Blackwell Industrial Foundation, Inc., Appellant, v. Texstar Corporation, Appellee, 387 F.2d 708 (10th Cir. 1968)

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U.S. Court of Appeals for the Tenth Circuit - 387 F.2d 708 (10th Cir. 1968)

January 11, 1968

Robert D. Looney, of Watts, Looney, Nichols & Johnson, Oklahoma City, Okl., for appellant.

R. C. Jopling, Jr., Oklahoma City, Okl. (Fred A. Gipson, and Fowler, Rucks, Baker, Jopling, Gramlich & Mee, Oklahoma City, Okl., with him on the Brief), for appellee.

Before PICKETT, HILL and SETH, Circuit Judges.

SETH, Circuit Judge.

The appellant herein as plaintiff commenced this action on a contract against appellee. The case was tried to the court and judgment was rendered for the defendant, and this appeal has been taken.

The appellant is a corporation formed in Blackwell, Oklahoma, for the purpose of attracting industry to that city. It had previously made arrangements with a corporation known as the Fly-A-Way Components, Inc., whereby that firm moved its business to Blackwell, and appellant became a stockholder in the corporation. While the corporation was operating the small manufacturing plant in Blackwell, financial difficulties were encountered. At this point, a representative of appellee came to Blackwell to negotiate an agreement with the appellant whereby appellee became a majority stockholder of Fly-A-Way. A contract was executed between the parties, which stated in part that the appellee would provide general and administrative supervision of Fly-A-Way at no charge except direct cost, that supplies and materials would be sold by appellee to Fly-A-Way at cost, and Fly-A-Way would execute pledges and chattel mortgages to protect appellee's accounts receivable for materials so furnished. The parties further agreed that appellee could make loans to Fly-A-Way to be secured by a mortgage on Fly-A-Way's property. The agreement also recited that appellee's present intention was to continue the corporation's operation in Blackwell, but an express provision was inserted to permit the business to be moved at any time. The agreement also made provision for liquidation and dissolution of Fly-A-Way in the event that appellee's sound judgment indicated this should be done. In the event that appellee reached such a decision, the agreement provided it should advise the appellant which then would have an option to purchase the shares of stock in the corporation owned by appellee. If the option was not exercised it was agreed that appellee could proceed with the dissolution.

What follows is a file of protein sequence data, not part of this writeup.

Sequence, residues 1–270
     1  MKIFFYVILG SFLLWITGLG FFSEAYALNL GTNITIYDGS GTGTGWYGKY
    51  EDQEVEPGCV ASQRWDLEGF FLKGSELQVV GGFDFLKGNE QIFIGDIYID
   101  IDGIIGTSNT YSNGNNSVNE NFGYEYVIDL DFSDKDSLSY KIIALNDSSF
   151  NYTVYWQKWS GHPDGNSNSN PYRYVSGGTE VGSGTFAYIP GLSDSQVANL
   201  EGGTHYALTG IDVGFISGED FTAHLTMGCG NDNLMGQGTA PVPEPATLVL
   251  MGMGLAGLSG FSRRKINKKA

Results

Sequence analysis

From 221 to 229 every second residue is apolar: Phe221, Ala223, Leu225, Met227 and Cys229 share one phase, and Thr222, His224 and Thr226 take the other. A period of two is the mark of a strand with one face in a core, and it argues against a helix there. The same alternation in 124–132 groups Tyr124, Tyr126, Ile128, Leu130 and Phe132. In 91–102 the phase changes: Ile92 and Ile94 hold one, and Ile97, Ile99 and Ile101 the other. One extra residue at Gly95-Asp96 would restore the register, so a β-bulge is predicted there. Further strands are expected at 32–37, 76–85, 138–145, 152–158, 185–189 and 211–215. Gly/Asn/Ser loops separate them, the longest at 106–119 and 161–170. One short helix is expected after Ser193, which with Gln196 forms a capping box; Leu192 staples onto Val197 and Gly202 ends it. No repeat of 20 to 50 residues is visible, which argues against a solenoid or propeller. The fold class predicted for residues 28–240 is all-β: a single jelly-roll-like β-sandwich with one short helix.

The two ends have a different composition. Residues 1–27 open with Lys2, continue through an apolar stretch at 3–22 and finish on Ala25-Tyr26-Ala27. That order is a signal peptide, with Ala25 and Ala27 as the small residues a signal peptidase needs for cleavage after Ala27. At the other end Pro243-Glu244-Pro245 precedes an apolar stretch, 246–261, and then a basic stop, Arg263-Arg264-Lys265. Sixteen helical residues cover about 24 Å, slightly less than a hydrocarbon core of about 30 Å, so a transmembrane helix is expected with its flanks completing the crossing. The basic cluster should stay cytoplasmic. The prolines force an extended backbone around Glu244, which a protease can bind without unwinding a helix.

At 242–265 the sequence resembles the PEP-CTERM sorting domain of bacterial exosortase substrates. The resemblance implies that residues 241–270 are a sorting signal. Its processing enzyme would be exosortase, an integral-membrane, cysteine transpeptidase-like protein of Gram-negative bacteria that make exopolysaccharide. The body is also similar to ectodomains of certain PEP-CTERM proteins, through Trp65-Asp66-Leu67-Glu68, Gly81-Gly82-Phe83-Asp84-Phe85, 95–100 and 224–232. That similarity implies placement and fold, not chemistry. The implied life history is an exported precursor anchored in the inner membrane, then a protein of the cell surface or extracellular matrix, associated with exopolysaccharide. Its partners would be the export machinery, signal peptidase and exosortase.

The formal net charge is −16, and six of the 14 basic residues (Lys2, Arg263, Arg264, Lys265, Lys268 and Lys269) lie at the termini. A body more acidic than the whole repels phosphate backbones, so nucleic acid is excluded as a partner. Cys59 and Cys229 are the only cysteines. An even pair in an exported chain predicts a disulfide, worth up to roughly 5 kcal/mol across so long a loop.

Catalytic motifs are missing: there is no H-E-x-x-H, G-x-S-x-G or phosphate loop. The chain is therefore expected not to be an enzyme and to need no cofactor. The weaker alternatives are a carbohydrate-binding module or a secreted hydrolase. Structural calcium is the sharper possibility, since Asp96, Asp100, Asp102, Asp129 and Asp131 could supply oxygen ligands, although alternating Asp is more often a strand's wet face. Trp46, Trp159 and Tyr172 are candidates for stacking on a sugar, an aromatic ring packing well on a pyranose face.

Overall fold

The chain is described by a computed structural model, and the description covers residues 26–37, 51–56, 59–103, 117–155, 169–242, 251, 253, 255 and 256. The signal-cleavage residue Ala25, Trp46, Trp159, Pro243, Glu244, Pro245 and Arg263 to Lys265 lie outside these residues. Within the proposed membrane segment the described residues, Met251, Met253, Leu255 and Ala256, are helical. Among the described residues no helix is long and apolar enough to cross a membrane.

The agreement between the parties relative to Fly-A-Way also contained a provision which became the subject of the principal contention between the parties in this action. This provision reads as follows:

"In the event Texstar [appellee] decides to take steps of whatever kind to effect what shall amount to a `merger' or `consolidation' whether formally or informally, whether by the purchase or acquisition of the assets of Fly-A-Way, or, by the consolidation or by the merger of Texstar and Fly-A-Way, whether by dissolution of Fly-A-Way or liquidation of it or by one means or another, even though the corporate existence of Fly-A-Way be continued, or, by any other means, then and in any of such events Texstar agrees to pay the Foundation the sum of $20,000.00 for the Foundation's stock in Fly-A-Way upon the following terms and conditions, to-wit: * * *."